As moves were made on the board, they were simultaneously shown on forty closed-circuit television monitors in all points of the stadium. In the cafeteria, where spectators wolfed down the local variety of lamb-based hot-dogs and gurgled bottles of two-percent Icelandic beer, the action on the stage was discussed vociferously. In the basement, Icelandic masters more quietly explained and analyzed the moves on a large demonstration board, while in the press rooms, a condescension of grandmasters surveyed the television screens and analyzed in their heads, to the confusion and awe of most of the journalists. In the playing hall itself, decorum and quiet reigned. But when it did not, Lothar Schmid or the Assistant Arbiter, Gudmundur Arnlaugsson, would activate a large white electrical sign that insisted, in both English and Icelandic, upon immediate attention: Silence! Thögn!

As the first game progressed, most experts were beginning to predict a draw. And then, on the twenty-ninth move, with the position equal, Fischer engaged in one of the most dangerous gambles of his career. Without consuming much time on his clock (he had equalized on the seventeenth move and was now ahead of Spassky on time) Fischer sacrificed his Bishop for two Pawns in a move that thoroughly electrified the audience, and literally sent Spassky's eyebrows arching.

We would love to tell you that this is the moment when Fischer played the ominous
29...Bxh2, but it is on the wrong side of the board and probably the move 18...Bxb3

The real thing: Fischer capturing the pawn on h2 with his bishop...

... in Liz Garbus documentary "Die Legende Bobby Fischer" in Arte TV

At first impression, it appeared that Fischer, overly eager to gain the psychological momentum of winning the first game, had over-extended himself and simply blundered. But on closer inspection, the game still looked like a draw. Next, Fischer complained to Schmid that the camera poking through a hole in the blue-and-white FIDE sign located at the back of the stage, was disturbing him. No change was made, however, in the camera's position.

On his forty-first move, Spassky, to take advantage of overnight analysis, decided to adjourn the game. Since five hours, the official adjournment time, had not yet been reached, he took a loss of thirty-five minutes on his clock. Spassky had a Bishop and three Pawns against Fischer's five Pawns. He sealed his move and handed the large brown envelope to Schmid.

[Event "World Championship 28th"] [Site "Reykjavik"] [Date "1972.07.11"] [Round "1"] [White "Spassky, Boris V"] [Black "Fischer, Robert James"] [Result "*"] [ECO "E56"] [WhiteElo "2660"] [BlackElo "2785"] [Annotator "ChessBase"] [PlyCount "80"] [EventDate "1972.07.11"] [EventRounds "21"] [EventCountry "ISL"] [Source "ChessBase"] [SourceDate "1999.07.01"] 1. d4 Nf6 2. c4 e6 3. Nf3 d5 4. Nc3 Bb4 (4... c5 {Petrosjan-Fischer, Buenos Aires 1971, 0-1/40.} 5. cxd5 Nxd5 6. e4 Nxc3 7. bxc3 cxd4 8. cxd4 Bb4+ { Spassky-Petrosjan, Moskau wm (5), 1-0/31.}) 5. e3 (5. a3 Bxc3+ 6. bxc3 { Thorbergsson-Fischer, Rykjavik 1960, 1/2/26.}) 5... O-O 6. Bd3 c5 (6... Nc6 7. a3 Bxc3+ 8. bxc3 Na5 9. Nd2 c5 10. O-O $16 {Reshevsky-Fischer, Los Angeles 1961, 1-0/28.}) 7. O-O Nc6 {This position was never played before by Fischer.} 8. a3 Ba5 9. Ne2 dxc4 10. Bxc4 Bb6 11. dxc5 Qxd1 12. Rxd1 Bxc5 13. b4 Be7 14. Bb2 $14 {Byrne} Bd7 $1 15. Rac1 Rfd8 16. Ned4 Nxd4 17. Nxd4 Ba4 (17... Rac8 { Byrne}) 18. Bb3 Bxb3 19. Nxb3 Rxd1+ 20. Rxd1 Rc8 21. Kf1 Kf8 22. Ke2 Ne4 23. Rc1 Rxc1 24. Bxc1 f6 25. Na5 Nd6 26. Kd3 Bd8 27. Nc4 Bc7 28. Nxd6 Bxd6 29. b5 { [#]} Bxh2 $6 (29... Ke7 30. h3 (30. Ke4 f5+ 31. Kd4 $2 Bxh2 $19) 30... e5 {/\ 31... Ke6= Botvinnik}) 30. g3 h5 31. Ke2 h4 32. Kf3 Ke7 (32... g5 $6 33. Kg2 ( 33. e4 $2 h3 $10 34. Be3 Bg1 {/\ 35... g4 -+} 35. g4 $8 a6 {-/+/-+ Purdy}) 33... g4 34. Kxh2 h3 35. e4 {/\ 36.f3 +- Byrne} (35. f3 f5 36. e4 Ke7 37. e5 $3 $18 {/\ Kf1-.., Bg1 Purdy})) 33. Kg2 hxg3 34. fxg3 Bxg3 35. Kxg3 Kd6 36. a4 Kd5 (36... Kc5 37. Ba3+ Kc4 38. Bf8 g6 39. Be7 $18 f5 40. Kf4 $18) 37. Ba3 Ke4 ( 37... Kc4 38. Bf8 Kb3 (38... g6 39. Be7 f5 40. Kf4 Kb3 41. a5 Kc4 42. Kg5 $1 Kxb5 43. Kxg6 Kxa5 44. Kf6 $18) 39. Bxg7 (39. a5 Ka4 40. a6 b6 41. Bxg7 Kxb5 42. Bxf6 Kxa6 43. Kf4 Kb5 44. Bd4 $18 {Purdy}) 39... Kxa4 40. Bxf6 Kxb5 41. Kf4 Kc4 42. Bd4 {/\ 43.Ke5 +- Timman}) 38. Bc5 $1 a6 (38... b6 $2 39. Bxb6 $18 axb6 40. a5 bxa5 (40... Kd5 41. a6 $18) 41. b6 $18 {Byrne}) 39. b6 $1 f5 40. Kh4 { /\ Kg5-g6-c7 +-} f4 *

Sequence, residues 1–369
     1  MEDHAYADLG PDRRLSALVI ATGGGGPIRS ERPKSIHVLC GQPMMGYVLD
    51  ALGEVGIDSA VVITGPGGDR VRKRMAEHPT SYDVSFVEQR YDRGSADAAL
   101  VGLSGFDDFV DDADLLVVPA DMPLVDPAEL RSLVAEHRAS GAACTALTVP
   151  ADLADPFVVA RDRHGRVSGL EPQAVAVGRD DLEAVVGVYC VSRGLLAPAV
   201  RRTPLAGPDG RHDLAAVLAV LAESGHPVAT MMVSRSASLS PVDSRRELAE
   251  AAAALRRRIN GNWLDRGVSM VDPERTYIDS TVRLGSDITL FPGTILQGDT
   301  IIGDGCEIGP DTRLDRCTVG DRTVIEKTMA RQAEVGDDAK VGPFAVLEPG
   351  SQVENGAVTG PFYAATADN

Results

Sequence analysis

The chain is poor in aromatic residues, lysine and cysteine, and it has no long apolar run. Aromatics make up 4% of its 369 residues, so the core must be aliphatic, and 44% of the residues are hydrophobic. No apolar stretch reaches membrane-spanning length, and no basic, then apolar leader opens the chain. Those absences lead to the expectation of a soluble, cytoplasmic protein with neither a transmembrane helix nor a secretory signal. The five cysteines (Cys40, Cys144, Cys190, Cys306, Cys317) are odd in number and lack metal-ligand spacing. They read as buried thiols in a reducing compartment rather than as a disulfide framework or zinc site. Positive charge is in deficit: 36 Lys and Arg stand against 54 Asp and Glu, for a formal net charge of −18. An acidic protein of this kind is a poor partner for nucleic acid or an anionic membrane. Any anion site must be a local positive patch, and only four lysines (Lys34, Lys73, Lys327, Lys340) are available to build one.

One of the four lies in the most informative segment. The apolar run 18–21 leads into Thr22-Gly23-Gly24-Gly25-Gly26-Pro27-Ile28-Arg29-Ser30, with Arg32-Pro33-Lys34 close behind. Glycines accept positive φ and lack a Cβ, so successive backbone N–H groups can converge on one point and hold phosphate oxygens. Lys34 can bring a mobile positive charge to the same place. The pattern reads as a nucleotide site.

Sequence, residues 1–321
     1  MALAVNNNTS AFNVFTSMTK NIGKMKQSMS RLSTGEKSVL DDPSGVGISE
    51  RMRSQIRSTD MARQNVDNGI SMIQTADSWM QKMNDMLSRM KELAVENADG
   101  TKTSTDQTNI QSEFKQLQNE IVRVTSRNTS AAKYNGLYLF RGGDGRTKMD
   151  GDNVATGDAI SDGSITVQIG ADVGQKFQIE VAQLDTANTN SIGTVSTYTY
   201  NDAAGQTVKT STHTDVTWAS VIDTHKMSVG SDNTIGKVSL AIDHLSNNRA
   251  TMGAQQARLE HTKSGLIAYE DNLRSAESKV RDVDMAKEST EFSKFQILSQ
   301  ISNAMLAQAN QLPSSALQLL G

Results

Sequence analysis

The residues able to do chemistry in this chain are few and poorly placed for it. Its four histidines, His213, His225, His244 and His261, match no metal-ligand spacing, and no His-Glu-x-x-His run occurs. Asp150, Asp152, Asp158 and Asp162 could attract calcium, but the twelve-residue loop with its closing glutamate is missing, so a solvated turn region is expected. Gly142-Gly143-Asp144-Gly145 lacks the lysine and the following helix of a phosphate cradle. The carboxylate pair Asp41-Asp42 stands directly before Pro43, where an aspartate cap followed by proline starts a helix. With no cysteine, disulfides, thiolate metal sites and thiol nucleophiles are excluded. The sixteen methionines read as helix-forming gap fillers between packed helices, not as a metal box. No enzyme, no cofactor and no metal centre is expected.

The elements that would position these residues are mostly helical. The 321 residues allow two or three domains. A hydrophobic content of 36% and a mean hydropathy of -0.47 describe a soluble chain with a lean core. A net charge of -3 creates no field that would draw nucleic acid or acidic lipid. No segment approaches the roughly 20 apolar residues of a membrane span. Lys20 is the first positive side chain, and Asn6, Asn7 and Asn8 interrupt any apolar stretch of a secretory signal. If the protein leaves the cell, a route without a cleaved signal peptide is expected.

As the crowds began to file out, Fischer drove back to the Loftleider to analyze the position with Lombardy, discussing it in the car without sight of the board. Byrne said: "Fischer is playing desperately for a draw." Larry Evans felt Fischer had drawing chances, "perhaps." Gligoric thought Fischer's chances were "slim." But Krogius said it was ". . . probably a draw."

– Will Bobby Fischer be able to save the game? Tune in tomorrow to find out. –

The above text was taken from the Batsford edition of Frank Brady's 1974 book, of which we possess (and treasure) a rare copy. There appears to be one available at AbeBooks, but probably our readers will find more.

Copyright Brady/ChessBase